Last week Tom Gonzalez wrote a blog post announcing Axiis, the open-source data visualization framework we’ve been developing. Tom goes into a good deal of depth about how the system works, so I won’t rehash all those specifics here. I just wanted to share my take on what Axiis is meant to do at a high level.
Axiis is not a reimagining of the Flex charting framework or any other comparable library. Axiis can be more accurately described as a data-driven layout engine for Degrafa geometry. We see the primary use of this engine being data viz, so we’re billing it as a data visualization framework.
So what do I mean when I say “data-driven layout engine?” When using Axiis, you describe the geometry necessary to render a single element in your data set. The engine then iterates over the entire data set, creating and laying out all necessary instances of that geometry. This process allows you to create seeming complex visualizations in a relatively short amount of markup.
Take a column chart as an example. (Though not all that complex, it still takes a fair bit of code to write a column chart from scratch.) A column chart is simply a series of rectangles laid out horizontally where each rectangle’s height represents the value it is rendering. So to create that in Axiis, you declare a horizontal layout with a rectangle geometry. You then set up a binding expression to compute the height for each rectangle. As the engine runs the binding expression executes, and the geometries are rendered side by side and with correct heights. Huzzah!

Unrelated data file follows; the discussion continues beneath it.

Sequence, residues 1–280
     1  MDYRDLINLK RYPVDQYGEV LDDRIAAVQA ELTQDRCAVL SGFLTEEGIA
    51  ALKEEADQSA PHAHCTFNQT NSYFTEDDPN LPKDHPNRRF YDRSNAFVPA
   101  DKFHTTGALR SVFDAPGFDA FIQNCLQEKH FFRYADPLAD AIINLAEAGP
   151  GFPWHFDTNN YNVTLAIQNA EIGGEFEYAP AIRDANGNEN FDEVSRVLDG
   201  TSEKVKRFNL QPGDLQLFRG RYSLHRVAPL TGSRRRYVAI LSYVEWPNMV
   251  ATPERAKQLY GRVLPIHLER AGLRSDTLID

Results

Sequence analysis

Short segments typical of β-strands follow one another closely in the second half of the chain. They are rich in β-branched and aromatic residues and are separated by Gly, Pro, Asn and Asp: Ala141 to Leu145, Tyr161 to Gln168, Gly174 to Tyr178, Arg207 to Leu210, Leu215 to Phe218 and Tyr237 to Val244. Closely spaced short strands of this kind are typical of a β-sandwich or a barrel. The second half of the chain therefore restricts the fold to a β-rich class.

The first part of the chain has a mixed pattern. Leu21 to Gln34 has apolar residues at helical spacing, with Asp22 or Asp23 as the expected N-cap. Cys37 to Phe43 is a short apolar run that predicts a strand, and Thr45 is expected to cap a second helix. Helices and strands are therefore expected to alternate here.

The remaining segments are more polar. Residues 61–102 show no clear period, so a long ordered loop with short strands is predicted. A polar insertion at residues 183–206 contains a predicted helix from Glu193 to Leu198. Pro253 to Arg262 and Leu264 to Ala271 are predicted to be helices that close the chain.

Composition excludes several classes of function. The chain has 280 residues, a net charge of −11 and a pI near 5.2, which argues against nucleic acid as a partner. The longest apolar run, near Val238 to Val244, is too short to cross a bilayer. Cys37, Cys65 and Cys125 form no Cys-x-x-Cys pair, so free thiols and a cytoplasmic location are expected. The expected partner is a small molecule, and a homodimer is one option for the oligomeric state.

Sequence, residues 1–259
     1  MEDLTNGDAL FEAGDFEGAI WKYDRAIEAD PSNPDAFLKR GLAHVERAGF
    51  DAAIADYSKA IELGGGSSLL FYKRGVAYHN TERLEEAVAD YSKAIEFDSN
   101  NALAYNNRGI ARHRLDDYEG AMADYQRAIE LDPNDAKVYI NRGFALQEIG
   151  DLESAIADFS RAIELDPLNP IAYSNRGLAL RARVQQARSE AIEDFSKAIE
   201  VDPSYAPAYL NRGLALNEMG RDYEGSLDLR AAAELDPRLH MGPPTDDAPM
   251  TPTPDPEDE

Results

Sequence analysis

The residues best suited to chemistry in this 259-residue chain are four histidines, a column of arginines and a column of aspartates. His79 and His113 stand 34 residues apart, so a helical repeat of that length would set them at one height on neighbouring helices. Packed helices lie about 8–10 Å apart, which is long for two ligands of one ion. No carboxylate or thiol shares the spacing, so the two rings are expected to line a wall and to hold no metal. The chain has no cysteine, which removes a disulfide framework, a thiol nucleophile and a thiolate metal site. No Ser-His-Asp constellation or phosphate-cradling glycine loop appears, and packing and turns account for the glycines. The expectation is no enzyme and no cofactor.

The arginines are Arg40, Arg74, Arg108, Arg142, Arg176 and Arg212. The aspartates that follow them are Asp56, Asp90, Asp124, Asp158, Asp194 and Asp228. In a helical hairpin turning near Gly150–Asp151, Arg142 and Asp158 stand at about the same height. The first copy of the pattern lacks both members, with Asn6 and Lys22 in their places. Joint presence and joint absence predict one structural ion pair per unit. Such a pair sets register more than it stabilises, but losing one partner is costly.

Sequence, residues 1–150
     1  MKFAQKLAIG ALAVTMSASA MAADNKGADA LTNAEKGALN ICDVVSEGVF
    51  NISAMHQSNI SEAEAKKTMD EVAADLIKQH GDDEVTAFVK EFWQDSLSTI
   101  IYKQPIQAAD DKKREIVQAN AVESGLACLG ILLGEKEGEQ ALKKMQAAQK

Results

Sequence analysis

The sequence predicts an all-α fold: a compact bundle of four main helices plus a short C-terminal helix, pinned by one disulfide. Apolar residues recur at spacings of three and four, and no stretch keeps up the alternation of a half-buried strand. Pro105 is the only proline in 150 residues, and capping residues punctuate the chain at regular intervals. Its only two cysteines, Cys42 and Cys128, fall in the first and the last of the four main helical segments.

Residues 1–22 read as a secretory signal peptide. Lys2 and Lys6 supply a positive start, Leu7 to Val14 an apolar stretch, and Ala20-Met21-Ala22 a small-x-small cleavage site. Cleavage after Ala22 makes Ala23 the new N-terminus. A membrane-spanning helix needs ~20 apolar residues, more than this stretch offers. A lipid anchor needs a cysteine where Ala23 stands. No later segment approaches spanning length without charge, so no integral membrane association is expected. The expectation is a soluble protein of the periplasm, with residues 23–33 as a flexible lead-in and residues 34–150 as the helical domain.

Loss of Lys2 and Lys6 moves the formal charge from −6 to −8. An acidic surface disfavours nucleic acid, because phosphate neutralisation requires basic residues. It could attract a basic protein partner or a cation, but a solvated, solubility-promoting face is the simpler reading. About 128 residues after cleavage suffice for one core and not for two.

The column chart is just a basic example. Axiis is capable of much more than simple Cartesian charts. Layouts can have child layouts as well. This allows you to iterate over the top level of your data set in a parent layout and then iterate over another property in the child. Tack on Degrafa’s ability to compose geometries, and you’ve got the tools to create very expressive visualizations. Tom has put together an example he calls the Stacked Wedge that demonstrates nested layouts and geometry composition. It represents data in a way that would be difficult to achieve with other frameworks, it looks beautiful, and the core of it is only 100 lines of markup!
Axiis is under heavy development, and it is rapidly approaching an alpha release. Keep your eyes here and on Tom’s blog over the next few weeks for news and examples of the full scale of Axiis’ capabilities.